Extended Data Figure 2 Seasonality of surface currents, SST and salinity in the eastern Indian Ocean.

Seasonal changes in SST (colour shading), salinity (dashed lines; p.s.u.) and surface currents (arrows) in the study area during boreal summer (top) and winter (bottom). The meridional Ekman transport (ME) is also indicated with arrows. Seasonal SST is averaged for the period between 2002 and 2010 (http://oceancolor.gsfc.nasa.gov/cgi/l3). Salinities are averaged for the period between 1960 and 200431. Surface currents and ME are redrawn following ref. 35. Note the seasonal reversal of the surface currents and the MET, and the small seasonality of SST and salinity off western and northwestern Sumatra. The positions of the cores from the tropical eastern Indian Ocean are indicated by stars (this study). NECC, north equatorial counter current; NMC, northeast monsoon current; SECC, south equatorial counter current; SJC, south Java current; SMC, southwest monsoon current.

Extended Data Figure 3 Sill depths in the study area.

Sill depths of the Simeulue basin (1–3), the Nias basin (4–6) and the northern Mentawai basin (7–9), with the positions of the cores indicated (yellow dots). The maximum depth of each sill is as indicated.

Extended Data Figure 4 Age–depth relationship of the investigated cores.

Core depth (cm) versus calendar age (years) with 2σ errors (bars and yellow envelope) in cores 119KL (a), 144KL (b) and 39KL (c).

Extended Data Figure 5 Estimated errors (1σ) for SST and δ18OSW in core 119KL.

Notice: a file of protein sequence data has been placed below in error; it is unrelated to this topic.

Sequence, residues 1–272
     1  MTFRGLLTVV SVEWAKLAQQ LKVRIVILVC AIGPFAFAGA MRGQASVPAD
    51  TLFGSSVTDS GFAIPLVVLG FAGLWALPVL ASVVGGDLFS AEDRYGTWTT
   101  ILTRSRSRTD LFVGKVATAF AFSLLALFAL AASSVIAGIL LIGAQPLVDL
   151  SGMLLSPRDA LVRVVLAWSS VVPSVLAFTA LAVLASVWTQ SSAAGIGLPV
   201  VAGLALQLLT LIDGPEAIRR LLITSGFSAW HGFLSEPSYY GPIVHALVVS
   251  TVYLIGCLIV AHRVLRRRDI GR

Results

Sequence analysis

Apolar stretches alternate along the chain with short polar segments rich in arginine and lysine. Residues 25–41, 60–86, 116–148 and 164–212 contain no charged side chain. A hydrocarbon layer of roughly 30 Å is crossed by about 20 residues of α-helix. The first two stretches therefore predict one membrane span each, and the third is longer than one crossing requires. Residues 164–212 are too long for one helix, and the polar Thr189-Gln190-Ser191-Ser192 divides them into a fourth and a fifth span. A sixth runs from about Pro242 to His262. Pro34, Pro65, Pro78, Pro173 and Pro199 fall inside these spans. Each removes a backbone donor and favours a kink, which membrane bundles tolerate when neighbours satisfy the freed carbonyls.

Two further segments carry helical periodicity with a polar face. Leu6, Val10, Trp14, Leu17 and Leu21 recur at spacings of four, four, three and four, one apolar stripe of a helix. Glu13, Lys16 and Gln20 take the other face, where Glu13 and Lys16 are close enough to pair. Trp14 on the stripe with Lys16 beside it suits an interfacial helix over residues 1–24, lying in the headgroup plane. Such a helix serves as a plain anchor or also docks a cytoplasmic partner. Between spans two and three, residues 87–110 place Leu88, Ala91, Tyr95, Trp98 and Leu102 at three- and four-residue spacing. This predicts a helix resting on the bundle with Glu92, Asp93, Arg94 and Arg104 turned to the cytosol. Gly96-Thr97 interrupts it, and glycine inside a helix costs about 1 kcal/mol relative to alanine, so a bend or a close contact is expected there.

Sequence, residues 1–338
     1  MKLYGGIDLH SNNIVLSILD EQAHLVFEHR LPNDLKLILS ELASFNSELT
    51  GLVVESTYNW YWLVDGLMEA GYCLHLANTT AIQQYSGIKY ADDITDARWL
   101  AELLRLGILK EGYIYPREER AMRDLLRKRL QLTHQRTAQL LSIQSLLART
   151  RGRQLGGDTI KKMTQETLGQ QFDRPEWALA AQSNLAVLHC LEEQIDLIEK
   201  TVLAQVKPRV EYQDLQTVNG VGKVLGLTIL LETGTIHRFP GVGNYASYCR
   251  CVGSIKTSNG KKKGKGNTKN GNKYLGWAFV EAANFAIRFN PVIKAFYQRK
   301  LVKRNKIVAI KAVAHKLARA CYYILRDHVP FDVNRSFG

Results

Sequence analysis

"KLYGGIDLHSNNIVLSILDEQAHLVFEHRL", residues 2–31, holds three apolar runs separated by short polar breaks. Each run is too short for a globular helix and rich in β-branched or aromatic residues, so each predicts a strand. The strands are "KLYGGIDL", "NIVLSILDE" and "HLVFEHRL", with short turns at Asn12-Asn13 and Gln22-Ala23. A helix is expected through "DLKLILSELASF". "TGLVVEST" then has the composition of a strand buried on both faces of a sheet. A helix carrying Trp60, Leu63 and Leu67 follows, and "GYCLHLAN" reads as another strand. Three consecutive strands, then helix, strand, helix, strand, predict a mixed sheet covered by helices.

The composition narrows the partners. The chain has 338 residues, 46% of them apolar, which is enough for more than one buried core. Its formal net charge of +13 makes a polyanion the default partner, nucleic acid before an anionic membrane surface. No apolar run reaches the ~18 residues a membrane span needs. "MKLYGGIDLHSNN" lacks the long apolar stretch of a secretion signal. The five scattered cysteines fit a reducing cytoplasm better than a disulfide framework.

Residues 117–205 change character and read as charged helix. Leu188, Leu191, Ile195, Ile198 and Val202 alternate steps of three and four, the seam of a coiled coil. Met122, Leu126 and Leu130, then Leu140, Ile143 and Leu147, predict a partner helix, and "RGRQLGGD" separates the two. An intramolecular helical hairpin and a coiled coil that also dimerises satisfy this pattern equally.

Grey envelopes indicate errors in reconstructions of SST (a) and δ18OSW (b). For comparison, the 39KL records (red) are shown. Grey bars indicate 2σ errors of the calibrated radiocarbon ages (black and red triangles).

Extended Data Figure 6 Mg/Ca SST record of core 39KL for the period 5–29 kyr ago, along with the fitted ramp function (red).

Extended Data Figure 7 AMOC for different climate states, as simulated by CCSM3.

Meridional overturning stream function averaged over the last 100 yr of each experiment for the MIS3 baseline run (a), the H4 hosing experiment (b), the LGM simulation (c), the H1 hosing experiment (d) and the pre-industrial control run (e).

Extended Data Figure 8 Climatic response to a substantial slowdown of the AMOC under LGM (21 kyr ago) boundary conditions in a CCSM3 simulation.

Shown are long-term (100-yr) annual means of climatic anomalies (Heinrich stadial 1 hosing experiments minus LGM baseline run) for surface temperature (a) and vertical velocity (b) at 500 hPa.

Extended Data Figure 9 Summer (June, July and August) precipitation response to a substantial slowdown of the AMOC under MIS3 (38 kyr ago) boundary conditions, as simulated by CCSM3.

Shown are 100-yr averages (Heinrich stadial 4 hosing experiment minus MIS3 baseline run).

Extended Data Figure 10 Upper-tropospheric (200 hPa) wind response to a substantial slowdown of the AMOC (Heinrich stadial 4 hosing experiment minus MIS3 baseline run; 100-yr averages).

a, Summer (June, July and August) response; b, winter (December, January and February) response. Wave trains are highlighted by plus symbols (positive geopotential height anomaly/anticyclonic circulation anomaly) and minus symbols (negative geopotential height anomaly/cyclonic circulation anomaly).

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Supplementary Table 1

This file contains the radiocarbon dataset of the investigated cores. (XLS 36 kb)

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Mohtadi, M., Prange, M., Oppo, D. et al. North Atlantic forcing of tropical Indian Ocean climate. Nature 509, 76–80 (2014). https://doi.org/10.1038/nature13196